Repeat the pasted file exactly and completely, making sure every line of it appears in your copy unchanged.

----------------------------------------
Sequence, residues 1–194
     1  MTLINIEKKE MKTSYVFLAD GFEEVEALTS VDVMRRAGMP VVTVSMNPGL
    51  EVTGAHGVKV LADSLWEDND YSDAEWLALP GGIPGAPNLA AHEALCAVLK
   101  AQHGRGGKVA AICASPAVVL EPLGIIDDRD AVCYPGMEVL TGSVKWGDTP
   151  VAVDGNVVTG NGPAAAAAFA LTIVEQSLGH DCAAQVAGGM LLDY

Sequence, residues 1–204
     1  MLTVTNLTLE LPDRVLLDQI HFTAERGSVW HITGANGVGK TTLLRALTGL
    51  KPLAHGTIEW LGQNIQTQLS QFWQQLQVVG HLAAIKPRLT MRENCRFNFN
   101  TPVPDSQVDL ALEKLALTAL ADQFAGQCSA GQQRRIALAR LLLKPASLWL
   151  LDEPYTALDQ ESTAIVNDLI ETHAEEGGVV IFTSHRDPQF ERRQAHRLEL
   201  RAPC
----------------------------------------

Sequence, residues 1–194
     1  MTLINIEKKE MKTSYVFLAD GFEEVEALTS VDVMRRAGMP VVTVSMNPGL
    51  EVTGAHGVKV LADSLWEDND YSDAEWLALP GGIPGAPNLA AHEALCAVLK
   101  AQHGRGGKVA AICASPAVVL EPLGIIDDRD AVCYPGMEVL TGSVKWGDTP
   151  VAVDGNVVTG NGPAAAAAFA LTIVEQSLGH DCAAQVAGGM LLDY

Sequence, residues 1–204
     1  MLTVTNLTLE LPDRVLLDQI HFTAERGSVW HITGANGVGK TTLLRALTGL
    51  KPLAHGTIEW LGQNIQTQLS QFWQQLQVVG HLAAIKPRLT MRENCRFNFN
   101  TPVPDSQVDL ALEKLALTAL ADQFAGQCSA GQQRRIALAR LLLKPASLWL
   151  LDEPYTALDQ ESTAIVNDLI ETHAEEGGVV IFTSHRDPQF ERRQAHRLEL
   201  RAPC